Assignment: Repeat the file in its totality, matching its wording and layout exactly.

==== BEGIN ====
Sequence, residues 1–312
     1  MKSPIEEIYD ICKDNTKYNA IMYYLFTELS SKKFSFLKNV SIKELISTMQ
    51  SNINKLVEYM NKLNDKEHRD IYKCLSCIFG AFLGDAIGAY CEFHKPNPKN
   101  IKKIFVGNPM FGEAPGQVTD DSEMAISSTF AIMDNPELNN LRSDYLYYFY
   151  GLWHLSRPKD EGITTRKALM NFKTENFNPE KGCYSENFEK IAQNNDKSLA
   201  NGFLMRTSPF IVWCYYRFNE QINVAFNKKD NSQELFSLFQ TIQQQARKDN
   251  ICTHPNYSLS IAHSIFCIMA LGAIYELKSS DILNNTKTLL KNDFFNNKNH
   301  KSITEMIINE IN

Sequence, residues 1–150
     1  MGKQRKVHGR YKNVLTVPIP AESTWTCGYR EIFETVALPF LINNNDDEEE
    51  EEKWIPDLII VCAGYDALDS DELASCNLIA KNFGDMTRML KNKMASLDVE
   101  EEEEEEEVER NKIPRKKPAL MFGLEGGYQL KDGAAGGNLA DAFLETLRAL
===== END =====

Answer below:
Sequence, residues 1–312
     1  MKSPIEEIYD ICKDNTKYNA IMYYLFTELS SKKFSFLKNV SIKELISTMQ
    51  SNINKLVEYM NKLNDKEHRD IYKCLSCIFG AFLGDAIGAY CEFHKPNPKN
   101  IKKIFVGNPM FGEAPGQVTD DSEMAISSTF AIMDNPELNN LRSDYLYYFY
   151  GLWHLSRPKD EGITTRKALM NFKTENFNPE KGCYSENFEK IAQNNDKSLA
   201  NGFLMRTSPF IVWCYYRFNE QINVAFNKKD NSQELFSLFQ TIQQQARKDN
   251  ICTHPNYSLS IAHSIFCIMA LGAIYELKSS DILNNTKTLL KNDFFNNKNH
   301  KSITEMIINE IN

Sequence, residues 1–150
     1  MGKQRKVHGR YKNVLTVPIP AESTWTCGYR EIFETVALPF LINNNDDEEE
    51  EEKWIPDLII VCAGYDALDS DELASCNLIA KNFGDMTRML KNKMASLDVE
   101  EEEEEEEVER NKIPRKKPAL MFGLEGGYQL KDGAAGGNLA DAFLETLRAL